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Help on interpreting subsequential limit proof

  1. Apr 18, 2013 #1
    1. The problem statement, all variables and given/known data
    My analysis study guide asks me to prove the following:
    If a_n is a sequence of real numbers whose only subsequential limit in the extended reals is finite, then a_n is bounded.


    2. Relevant equations



    3. The attempt at a solution
    Is it right to say that since it has only one subsequential limit, call it L, which is finite in the extended reals (meaning we were considering infinity, so it for sure does not diverge), then since a_n is a subsequence of itself, then it also converges to L? If this were true, I know how to show it is bounded. What makes me think this is wrong is that, below the problem, the study guide asks "additionally, show that a_n is convergent under the above conditions." But I was gonna use its convergence to show its boundedness.. any help appreciated! got a big test coming up next week.
     
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  3. Apr 18, 2013 #2

    Dick

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    How did you show that the sequence is bounded? Having a limit point doesn't show a sequence converges. You have to give an argument.
     
  4. Apr 18, 2013 #3
    That is exactly my question. I'm asking if it's right to say, that since it has only one subsequential (finite) limit, call it L, then must the original sequence a_n also converge to that L? If this is true, I know how to proceed to show it is bounded. I'm just asking if this bridging step is correct.

    The definition of subsequential limit I'm using is: if L is a subsequential limit, then there exists some subsequence that converges to that L.
     
  5. Apr 18, 2013 #4

    Dick

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    It is true that if there is one finite limit point and the sequence is bounded that the sequence converges. But you have to give an argument showing that. And first you have to show that it's bounded. You said you did it, but you can't do it by ASSUMING that the sequence converges. You know +infinity is not a limit point. What does that tell you?
     
  6. Apr 18, 2013 #5
    Ohh, I think I see what you're saying. Here's what I have:

    Let e=1. Let a_n be a sequence, let it have only one subsequential limit that is finite, call it L. Then there exists a subsequence b_n which converges to L.
    Then there exists a natural number N such that for all n>N, abs(b_n - L) < 1.
    Then b_N - 1 < b_n < b_N +1, so the set {b_n for n>N} is bounded.
    The set {b_n for n <= N}, being a finite set, is also bounded.
    The union of these two sets then is also bounded, so b_n is bounded.
    Since b_n is bounded, then a_n is also bounded??

    The bridge between talking about b_n and a_n still kinda confuses me. I appreciate your help.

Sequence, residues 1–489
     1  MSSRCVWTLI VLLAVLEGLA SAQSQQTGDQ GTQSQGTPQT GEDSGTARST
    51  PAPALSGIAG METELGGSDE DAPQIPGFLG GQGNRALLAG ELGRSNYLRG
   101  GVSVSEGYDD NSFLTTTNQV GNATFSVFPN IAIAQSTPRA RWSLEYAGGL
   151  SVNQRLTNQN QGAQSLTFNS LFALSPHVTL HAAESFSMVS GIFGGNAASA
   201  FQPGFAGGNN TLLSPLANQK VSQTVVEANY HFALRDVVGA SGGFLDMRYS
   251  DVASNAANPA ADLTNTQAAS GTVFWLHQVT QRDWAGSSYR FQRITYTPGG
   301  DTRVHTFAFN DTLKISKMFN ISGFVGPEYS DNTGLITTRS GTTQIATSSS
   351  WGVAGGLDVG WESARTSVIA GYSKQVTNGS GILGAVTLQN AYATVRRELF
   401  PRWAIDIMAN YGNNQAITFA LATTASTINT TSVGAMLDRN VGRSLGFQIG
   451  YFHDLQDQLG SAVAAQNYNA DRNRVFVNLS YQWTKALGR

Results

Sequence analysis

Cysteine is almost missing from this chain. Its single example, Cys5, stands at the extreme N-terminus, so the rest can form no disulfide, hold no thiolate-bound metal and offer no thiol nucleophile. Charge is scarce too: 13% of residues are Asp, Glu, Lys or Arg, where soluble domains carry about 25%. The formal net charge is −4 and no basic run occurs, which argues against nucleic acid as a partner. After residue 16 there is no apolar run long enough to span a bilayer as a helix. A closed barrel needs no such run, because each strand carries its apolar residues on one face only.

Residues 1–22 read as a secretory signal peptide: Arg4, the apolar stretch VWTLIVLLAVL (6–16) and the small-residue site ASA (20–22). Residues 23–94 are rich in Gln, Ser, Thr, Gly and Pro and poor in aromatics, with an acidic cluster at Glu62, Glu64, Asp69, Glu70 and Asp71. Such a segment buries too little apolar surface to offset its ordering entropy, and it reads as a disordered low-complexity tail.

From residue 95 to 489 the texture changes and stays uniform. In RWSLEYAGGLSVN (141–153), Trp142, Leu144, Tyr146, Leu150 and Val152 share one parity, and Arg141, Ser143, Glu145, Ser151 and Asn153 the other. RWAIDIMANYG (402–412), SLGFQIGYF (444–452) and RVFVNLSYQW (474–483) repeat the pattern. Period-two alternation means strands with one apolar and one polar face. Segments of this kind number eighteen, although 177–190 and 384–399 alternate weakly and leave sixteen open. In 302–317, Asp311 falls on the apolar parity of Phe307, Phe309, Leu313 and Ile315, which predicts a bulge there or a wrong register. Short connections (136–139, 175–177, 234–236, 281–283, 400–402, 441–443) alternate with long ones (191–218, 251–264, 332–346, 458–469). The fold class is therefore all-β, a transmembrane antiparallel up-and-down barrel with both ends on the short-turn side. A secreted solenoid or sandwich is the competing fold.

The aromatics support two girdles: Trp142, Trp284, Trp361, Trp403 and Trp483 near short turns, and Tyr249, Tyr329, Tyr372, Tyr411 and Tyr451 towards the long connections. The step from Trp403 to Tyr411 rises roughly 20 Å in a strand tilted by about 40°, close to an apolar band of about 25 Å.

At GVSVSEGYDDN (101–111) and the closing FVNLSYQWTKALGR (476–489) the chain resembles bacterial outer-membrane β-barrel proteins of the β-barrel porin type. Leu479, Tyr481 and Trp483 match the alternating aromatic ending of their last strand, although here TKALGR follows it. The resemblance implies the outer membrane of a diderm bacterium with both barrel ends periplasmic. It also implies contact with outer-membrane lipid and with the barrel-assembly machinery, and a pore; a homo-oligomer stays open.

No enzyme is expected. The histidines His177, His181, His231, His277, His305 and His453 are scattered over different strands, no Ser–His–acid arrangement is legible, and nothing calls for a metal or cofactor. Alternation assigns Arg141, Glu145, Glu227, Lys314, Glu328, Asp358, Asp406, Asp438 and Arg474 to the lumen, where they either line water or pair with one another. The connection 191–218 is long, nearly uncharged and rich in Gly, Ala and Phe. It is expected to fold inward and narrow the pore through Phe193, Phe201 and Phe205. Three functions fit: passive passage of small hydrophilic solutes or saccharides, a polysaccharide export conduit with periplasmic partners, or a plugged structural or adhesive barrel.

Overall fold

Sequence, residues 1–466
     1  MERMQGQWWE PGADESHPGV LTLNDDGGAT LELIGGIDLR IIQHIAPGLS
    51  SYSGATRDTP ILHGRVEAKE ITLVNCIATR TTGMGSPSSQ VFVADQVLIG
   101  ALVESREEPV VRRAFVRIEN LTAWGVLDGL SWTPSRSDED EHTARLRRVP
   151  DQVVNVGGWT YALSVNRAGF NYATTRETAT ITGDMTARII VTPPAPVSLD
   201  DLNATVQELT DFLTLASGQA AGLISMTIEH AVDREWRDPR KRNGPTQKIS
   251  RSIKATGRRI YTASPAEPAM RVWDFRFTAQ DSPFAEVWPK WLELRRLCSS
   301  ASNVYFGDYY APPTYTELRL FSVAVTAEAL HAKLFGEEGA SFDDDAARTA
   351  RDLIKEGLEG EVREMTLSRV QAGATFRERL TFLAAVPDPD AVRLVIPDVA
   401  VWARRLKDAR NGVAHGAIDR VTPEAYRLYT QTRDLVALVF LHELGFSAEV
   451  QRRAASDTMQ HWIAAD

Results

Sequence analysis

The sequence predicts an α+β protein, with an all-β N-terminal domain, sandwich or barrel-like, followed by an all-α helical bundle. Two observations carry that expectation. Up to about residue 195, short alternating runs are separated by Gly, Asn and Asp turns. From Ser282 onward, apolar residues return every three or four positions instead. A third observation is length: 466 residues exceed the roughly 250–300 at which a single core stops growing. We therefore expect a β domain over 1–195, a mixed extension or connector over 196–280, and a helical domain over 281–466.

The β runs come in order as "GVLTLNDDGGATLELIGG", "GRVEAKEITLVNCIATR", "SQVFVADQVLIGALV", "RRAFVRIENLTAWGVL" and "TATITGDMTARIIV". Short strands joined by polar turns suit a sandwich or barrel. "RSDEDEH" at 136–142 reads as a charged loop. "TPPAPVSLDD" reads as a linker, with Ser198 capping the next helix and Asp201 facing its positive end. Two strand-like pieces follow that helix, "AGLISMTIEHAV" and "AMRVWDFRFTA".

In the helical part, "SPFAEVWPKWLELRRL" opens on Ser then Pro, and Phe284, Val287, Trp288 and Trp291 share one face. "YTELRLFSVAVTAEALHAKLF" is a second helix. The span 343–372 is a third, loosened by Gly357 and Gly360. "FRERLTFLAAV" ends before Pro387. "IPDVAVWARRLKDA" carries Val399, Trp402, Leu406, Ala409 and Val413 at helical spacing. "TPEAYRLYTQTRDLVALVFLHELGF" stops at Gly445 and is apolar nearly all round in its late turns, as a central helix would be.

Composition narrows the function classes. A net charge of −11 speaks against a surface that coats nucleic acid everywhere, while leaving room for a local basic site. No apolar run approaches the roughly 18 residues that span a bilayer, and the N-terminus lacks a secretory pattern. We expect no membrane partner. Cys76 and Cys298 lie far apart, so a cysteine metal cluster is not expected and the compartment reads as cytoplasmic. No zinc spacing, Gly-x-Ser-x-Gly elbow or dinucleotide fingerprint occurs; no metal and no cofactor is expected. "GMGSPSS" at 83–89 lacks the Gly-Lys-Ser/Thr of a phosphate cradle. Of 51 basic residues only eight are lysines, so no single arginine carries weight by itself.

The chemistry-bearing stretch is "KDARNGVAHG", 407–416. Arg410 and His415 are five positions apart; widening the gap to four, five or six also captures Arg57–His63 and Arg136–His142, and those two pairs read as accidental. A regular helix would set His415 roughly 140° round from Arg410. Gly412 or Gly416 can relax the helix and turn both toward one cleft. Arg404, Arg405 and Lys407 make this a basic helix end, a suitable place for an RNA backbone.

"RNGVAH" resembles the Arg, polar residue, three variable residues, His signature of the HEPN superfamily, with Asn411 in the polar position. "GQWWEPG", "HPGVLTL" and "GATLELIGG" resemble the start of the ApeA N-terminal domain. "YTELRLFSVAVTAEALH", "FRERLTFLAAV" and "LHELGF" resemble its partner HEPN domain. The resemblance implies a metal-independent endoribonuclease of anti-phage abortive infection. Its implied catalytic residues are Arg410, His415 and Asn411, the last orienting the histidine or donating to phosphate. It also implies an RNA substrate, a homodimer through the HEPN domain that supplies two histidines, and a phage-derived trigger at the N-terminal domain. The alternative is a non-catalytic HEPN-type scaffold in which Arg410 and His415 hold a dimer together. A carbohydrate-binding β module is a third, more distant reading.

7. Apr 18, 2013 #6

    Dick

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    You are getting a little tangled up with this whole subsequence thing. Just try to show it's bounded first. +infinity in the extended reals is not a limit point. What does that tell you?
     
  8. Apr 18, 2013 #7
    I dunno why this is so hard for me to think about haha. +infinity not being a limit point means that the entire sequence is less than some number. Could I maybe start the proof with: Since the only subsequential limit of a_n is finite, and since a_n is a subsequence of itself, then I can find some B where a_n < B for all n.
     
  9. Apr 18, 2013 #8

    Dick

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    You keep bringing up this subsequence thing and that's confusing you right now. If +infinity is not a limit point then there is some neighborhood of infinity [M,+infinity) that contains only a finite number of elements in your sequence. So?
     
  10. Apr 18, 2013 #9
    Well the set of those finite elements has gotta be bounded above by some number A. And because of your construction of the neighborhood, the rest of the sequence has gotta be less than that same A (because they will all be less than M)? Hence the whole sequence is bounded?
     
  11. Apr 18, 2013 #10

    Dick

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    Yes, they are all bounded above by A. Same thing for -infinity. So now the elements of your sequence are contained in [-R,R] for some real R. And you have exactly one limit point -R<=L<=R. Can you show the limit must be L? I think you need to use compactness of closed intervals.
     
    Last edited: Apr 18, 2013
  12. Apr 18, 2013 #11
    The study guide says showing that it is convergent is a bonus, so for now I'll probably prioritize on the other things I need to study. Thank you for your patience and your help! This one had been bugging me.
     
  13. Apr 18, 2013 #12

    Dick

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    Fair enough. Very welcome.
     
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